US and Singapore sign agreement to bolster cybersecurity across government agencies


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Jessica Haworth

24 August 2021 at 15:43 UTC

Updated: 24 August 2021 at 17:05 UTC

Memorandum of Understanding will strengthen knowledge sharing practices

The US and Singapore have signed an agreement to enhance cooperation and knowledge sharing about cyber threats targeting financial agencies.

A Memorandum of Understanding on Cybersecurity Cooperation was signed, the US announced yesterday (August 23), to deepen “cooperation in new domains to deal with the challenges of the 21st century”.

The agreement was confirmed during Vice President Kamala Harris’ visit to the city state. 

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A government press release said:

“Specifically, the MoU enhances cooperation between the US Treasury and the Monetary Authority of Singapore in the following areas:

  • “Information sharing relating to the financial sector including cybersecurity regulations and guidance, cybersecurity incidents, and cybersecurity threat intelligence;
  • “Staff training and study visits to promote cooperation in the area of cybersecurity; and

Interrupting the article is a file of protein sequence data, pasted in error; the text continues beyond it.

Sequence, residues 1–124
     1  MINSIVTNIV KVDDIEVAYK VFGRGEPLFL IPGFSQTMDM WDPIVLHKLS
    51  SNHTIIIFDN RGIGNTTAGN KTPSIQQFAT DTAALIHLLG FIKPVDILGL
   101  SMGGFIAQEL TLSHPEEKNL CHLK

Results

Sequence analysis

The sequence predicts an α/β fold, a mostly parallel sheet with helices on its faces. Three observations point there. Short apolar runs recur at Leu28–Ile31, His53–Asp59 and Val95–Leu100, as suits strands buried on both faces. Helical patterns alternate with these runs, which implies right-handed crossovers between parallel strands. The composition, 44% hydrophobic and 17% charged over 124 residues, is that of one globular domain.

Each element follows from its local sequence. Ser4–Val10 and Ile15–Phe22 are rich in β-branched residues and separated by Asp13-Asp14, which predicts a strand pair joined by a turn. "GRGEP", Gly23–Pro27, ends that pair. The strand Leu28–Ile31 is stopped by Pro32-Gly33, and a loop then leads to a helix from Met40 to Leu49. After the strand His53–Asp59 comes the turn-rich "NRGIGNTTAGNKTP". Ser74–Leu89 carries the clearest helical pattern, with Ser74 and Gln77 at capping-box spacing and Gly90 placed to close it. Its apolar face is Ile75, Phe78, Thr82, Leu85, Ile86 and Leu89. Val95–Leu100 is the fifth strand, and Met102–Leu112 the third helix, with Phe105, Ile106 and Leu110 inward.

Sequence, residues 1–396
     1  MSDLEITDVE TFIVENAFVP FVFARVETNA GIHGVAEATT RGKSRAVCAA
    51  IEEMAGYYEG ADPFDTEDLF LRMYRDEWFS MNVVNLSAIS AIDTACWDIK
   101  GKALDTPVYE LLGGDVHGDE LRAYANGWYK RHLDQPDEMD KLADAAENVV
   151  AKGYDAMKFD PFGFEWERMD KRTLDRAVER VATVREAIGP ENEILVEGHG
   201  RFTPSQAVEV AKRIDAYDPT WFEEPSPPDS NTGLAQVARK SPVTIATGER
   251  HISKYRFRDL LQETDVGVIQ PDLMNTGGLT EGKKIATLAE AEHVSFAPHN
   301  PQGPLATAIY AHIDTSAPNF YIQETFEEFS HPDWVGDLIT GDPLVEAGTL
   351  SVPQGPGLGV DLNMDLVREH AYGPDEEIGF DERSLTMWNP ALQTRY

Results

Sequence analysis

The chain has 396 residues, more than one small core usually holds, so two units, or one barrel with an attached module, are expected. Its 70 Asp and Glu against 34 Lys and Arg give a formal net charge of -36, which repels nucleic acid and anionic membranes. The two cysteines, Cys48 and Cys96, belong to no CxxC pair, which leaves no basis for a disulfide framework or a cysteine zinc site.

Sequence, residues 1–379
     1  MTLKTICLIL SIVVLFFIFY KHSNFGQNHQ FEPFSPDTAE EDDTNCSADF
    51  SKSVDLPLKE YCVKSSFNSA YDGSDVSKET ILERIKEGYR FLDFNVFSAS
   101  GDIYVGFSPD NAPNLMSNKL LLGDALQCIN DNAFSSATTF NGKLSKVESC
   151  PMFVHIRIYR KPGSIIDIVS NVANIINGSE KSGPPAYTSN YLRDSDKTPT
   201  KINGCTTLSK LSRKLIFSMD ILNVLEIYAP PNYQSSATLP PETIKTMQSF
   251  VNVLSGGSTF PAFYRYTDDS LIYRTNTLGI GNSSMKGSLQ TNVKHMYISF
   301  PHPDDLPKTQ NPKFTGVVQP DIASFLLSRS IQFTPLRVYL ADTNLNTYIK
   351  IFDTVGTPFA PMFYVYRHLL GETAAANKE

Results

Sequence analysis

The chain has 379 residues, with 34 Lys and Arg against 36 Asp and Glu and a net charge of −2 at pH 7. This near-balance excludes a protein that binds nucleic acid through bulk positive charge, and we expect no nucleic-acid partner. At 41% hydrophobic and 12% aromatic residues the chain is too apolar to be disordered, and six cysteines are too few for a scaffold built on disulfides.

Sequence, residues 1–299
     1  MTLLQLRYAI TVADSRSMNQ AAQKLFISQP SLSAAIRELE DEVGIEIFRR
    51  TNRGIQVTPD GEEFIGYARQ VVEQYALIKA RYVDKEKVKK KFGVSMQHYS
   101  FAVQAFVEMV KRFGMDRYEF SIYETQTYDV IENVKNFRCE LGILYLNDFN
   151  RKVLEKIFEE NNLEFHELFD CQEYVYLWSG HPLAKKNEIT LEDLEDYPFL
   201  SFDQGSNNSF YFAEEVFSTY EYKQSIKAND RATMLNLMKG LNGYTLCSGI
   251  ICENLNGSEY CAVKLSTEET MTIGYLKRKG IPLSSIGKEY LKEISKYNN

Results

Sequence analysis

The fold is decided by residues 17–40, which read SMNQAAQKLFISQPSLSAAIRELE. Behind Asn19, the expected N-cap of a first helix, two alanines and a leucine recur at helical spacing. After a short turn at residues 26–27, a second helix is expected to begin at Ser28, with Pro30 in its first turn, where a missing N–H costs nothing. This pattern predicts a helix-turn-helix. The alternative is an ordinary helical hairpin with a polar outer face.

• “Competency-building activities such as the conduct of cross-border cybersecurity exercises.”

Information exchange

The US and Singapore have exchanged information on cyber threats since 2018, the statement explains.

Secretary of the US Treasury Janet Yellen said the two countries share “common goals of maintaining strength and stability, as well as operational and cyber resilience in each country’s economy and financial system”.

Managing Director of MAS Ravi Menon said: “This MoU between the Treasury and MAS will be particularly useful in the areas of cyber threat information sharing and cross-border cybersecurity exercises.

“It will also help cement what is already a strong and fruitful partnership between the two institutions.”

Tighten up

The US has bolstered the cyber defenses of federal agencies in recent years. For example, President Joe Biden enacted an executive order mandating that US vendors that supply the government with software must inform them of any security breaches.

Meanwhile Singapore, which enacted its Cybersecurity Act in 2018, has also tightened security within its government, for example by establishing a framework for the legal oversight and maintenance of national cybersecurity.

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